Gabriel of Canterbury

Dragonborn Knight Templar


Gabriel is a powerfully-built dragonborn standing over seven feet tall. His huge size is enhanced by the massive suit of full-plate armour he wears so effortlessly. This striking plate-mail, crafted of blackened steel inlaid with golden flame motifs, is almost as eye catching as its wearer. Over this, he always dons the white mantle, bearing a red cross, which is iconic of the Templars.

This pious dragonborn has pale golden scales and piercing blue eyes that glow with an inner light. He speaks in a deep, dignified voice that commands respect yet can be raised to a great volume when issuing commands in the field. In battle he wields a huge greatsword in the shape of the cross and exhorts God to smite his enemies and protect his allies.


Gabriel, sometimes referred to as ‘the Dragon’, is the right hand of Geoffrey FitzStephen, Templar Master of England. He is sent north with a Templar army in the aftermath of the Battle of Vindolanda, tasked with defending the realm from invasion at the hands of the ungodly.

Together with his combination of piety, humility, determination and religious fervour, Gabriel’s inherent dragonborn strength and years of training have created what many of his peers believe to be the perfect exemplar of a Templar Knight. This impression is only enhanced by his sense of justice, capacity for mercy, and drive to defend those less fortunate than himself. He is however an implacable foe of heresy and apostasy, and is bemused to the point of intolerance by those who have not fully embraced God’s love (and the authority of his earthly representatives).

Gabriel’s earliest memories are of life in Canterbury Cathedral, serving the Archbishop Thomas Becket. He was raised in dedication to the Holy Trinity, and believed he was destined for the humble life of a Benedictine monk.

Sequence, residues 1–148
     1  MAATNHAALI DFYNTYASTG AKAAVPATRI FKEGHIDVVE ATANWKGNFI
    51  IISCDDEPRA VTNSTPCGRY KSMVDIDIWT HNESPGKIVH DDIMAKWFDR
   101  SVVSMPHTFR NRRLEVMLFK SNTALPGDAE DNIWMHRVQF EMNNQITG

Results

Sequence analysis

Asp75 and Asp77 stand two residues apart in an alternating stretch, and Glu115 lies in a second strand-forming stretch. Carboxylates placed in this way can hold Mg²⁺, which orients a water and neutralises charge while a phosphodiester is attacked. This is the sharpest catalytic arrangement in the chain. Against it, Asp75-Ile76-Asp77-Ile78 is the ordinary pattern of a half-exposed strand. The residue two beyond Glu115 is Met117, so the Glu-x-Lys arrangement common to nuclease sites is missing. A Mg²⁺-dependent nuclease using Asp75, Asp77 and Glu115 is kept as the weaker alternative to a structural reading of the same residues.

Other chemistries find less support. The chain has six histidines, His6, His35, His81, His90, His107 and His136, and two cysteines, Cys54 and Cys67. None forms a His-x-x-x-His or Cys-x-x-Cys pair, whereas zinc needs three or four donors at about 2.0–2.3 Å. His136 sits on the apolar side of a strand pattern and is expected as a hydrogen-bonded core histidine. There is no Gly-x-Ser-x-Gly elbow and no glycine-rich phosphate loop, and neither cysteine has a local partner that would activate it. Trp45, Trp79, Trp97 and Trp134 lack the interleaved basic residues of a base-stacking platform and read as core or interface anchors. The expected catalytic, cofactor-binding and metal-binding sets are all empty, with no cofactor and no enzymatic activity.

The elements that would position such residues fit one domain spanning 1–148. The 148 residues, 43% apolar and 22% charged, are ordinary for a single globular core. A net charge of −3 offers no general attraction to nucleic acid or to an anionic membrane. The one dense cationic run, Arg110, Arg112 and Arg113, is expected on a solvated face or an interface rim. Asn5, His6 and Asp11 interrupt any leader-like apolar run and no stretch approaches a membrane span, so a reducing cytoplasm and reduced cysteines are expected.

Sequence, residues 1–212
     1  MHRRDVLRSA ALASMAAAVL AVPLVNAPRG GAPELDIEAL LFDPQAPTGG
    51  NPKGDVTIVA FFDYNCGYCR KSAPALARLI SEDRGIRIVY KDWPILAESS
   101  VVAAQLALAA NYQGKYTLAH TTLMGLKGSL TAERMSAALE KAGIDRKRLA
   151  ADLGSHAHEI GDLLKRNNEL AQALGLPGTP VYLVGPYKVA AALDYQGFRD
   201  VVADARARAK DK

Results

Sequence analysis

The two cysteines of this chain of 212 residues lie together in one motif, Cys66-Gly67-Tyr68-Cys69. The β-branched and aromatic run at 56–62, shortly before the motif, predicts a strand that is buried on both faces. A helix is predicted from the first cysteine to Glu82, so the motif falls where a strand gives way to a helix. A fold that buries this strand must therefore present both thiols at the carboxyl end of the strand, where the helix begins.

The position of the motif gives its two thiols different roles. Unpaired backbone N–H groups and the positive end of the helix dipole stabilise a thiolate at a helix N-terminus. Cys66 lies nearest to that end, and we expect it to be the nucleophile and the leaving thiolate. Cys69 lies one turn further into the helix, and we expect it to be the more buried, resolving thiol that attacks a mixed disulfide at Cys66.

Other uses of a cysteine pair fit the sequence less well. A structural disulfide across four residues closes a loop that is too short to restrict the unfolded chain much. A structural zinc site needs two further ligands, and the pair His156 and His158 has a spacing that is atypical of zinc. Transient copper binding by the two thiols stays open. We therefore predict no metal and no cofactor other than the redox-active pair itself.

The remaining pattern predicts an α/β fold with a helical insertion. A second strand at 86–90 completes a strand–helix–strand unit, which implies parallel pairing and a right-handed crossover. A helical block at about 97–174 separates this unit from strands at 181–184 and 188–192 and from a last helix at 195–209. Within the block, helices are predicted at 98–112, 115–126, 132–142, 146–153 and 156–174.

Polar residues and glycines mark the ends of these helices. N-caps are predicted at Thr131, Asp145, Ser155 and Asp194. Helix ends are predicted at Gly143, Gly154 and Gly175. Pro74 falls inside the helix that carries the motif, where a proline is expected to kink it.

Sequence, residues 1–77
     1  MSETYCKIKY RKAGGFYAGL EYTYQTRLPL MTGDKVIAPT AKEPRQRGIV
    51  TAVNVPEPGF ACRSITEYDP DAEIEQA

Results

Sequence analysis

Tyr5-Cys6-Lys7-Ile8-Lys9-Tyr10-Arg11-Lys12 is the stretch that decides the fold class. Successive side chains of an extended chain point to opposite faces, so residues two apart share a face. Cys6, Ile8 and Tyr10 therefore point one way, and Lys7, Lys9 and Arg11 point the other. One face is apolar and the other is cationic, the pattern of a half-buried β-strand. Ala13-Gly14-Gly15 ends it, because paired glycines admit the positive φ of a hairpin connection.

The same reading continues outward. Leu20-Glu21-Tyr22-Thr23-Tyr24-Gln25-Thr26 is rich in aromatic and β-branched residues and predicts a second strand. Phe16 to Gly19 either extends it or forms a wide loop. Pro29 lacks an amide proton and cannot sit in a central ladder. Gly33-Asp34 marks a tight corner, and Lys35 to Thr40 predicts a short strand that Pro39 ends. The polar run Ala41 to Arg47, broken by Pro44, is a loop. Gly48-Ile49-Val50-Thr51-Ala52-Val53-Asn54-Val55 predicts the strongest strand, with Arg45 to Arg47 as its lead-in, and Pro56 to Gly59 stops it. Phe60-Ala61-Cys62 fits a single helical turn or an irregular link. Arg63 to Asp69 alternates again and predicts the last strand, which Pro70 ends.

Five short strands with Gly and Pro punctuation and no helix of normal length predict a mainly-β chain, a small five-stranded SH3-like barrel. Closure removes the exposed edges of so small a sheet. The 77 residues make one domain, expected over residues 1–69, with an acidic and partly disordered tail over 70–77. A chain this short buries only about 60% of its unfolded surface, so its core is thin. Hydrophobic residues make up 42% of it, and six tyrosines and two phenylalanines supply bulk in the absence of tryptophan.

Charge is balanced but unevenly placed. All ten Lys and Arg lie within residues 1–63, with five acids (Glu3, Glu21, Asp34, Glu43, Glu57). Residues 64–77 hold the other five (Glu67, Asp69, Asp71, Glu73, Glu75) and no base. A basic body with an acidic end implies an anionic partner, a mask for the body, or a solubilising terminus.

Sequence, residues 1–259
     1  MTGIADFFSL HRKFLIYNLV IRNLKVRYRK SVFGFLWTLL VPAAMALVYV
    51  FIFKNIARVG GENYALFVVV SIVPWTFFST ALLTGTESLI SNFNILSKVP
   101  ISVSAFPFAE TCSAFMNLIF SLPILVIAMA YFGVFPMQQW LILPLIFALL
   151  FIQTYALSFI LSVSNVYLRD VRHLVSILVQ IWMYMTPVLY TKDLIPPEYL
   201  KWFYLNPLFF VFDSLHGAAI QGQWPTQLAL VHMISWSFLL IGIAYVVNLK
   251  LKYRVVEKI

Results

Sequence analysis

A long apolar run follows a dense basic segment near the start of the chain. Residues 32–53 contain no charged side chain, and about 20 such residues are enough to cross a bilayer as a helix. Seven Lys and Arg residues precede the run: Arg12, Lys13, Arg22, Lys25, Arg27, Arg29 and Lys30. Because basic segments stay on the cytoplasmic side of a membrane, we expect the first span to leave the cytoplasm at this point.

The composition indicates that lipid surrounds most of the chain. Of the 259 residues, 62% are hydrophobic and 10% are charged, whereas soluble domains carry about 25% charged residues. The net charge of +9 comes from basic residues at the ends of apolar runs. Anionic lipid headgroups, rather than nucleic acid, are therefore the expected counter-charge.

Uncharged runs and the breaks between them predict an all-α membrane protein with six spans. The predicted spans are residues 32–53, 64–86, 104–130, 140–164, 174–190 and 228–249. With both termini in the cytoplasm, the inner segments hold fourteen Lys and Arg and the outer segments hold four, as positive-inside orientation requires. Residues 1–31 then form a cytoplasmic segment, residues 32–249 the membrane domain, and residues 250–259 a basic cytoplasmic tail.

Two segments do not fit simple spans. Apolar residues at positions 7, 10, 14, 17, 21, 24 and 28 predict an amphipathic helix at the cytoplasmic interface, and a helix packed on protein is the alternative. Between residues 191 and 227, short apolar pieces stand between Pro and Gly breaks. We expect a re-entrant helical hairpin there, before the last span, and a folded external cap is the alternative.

All this changed when the Archbishop was murdered in 1170 by four infamous knights, apparently acting at the suggestion of King Henry II. Gabriel, not yet full grown but already the equal of a man in size and strength, was the Archbishop’s cup-bearer. As the knights approached his master with swords drawn and bloody intent, Gabriel attempted to stop them. Despite his strength, with no training in arms he was felled by a flurry of blows and left for dead as the knights proceeded to butcher Becket.

While the Archbishop’s wounds were beyond the powers of even his senior priests, God answered their prayers for Gabriel and the dragonborn survived. Consumed by grief and anger, he was haunted by thoughts that he could have done more to protect his master, and vowed to avenge himself upon the knights who murdered him.

This was not to be, however, as the villains fled north and thence to the Pope in Rome, by whom they were banished to the Holy Land. As he prayed, fasted and trained, Gabriel’s thirst for vengeance became an insistent calling to use the gifts granted him by God to protect the innocent and defend the weak. This finally led him to the Chapterhouse of the Knights Templar in London, with a letter of recommendation from Becket’s successor, Richard of Dover.

The piety, humility and martial prowess of the precocious dragonborn so impressed the Templar Master, Richard Mallebeench, that in short order Gabriel was knighted and accepted into the order. He rose swiftly, and upon Richard’s death in 1180 became the most trusted aide of his successor, Geoffrey FitzStephen

Gabriel of Canterbury

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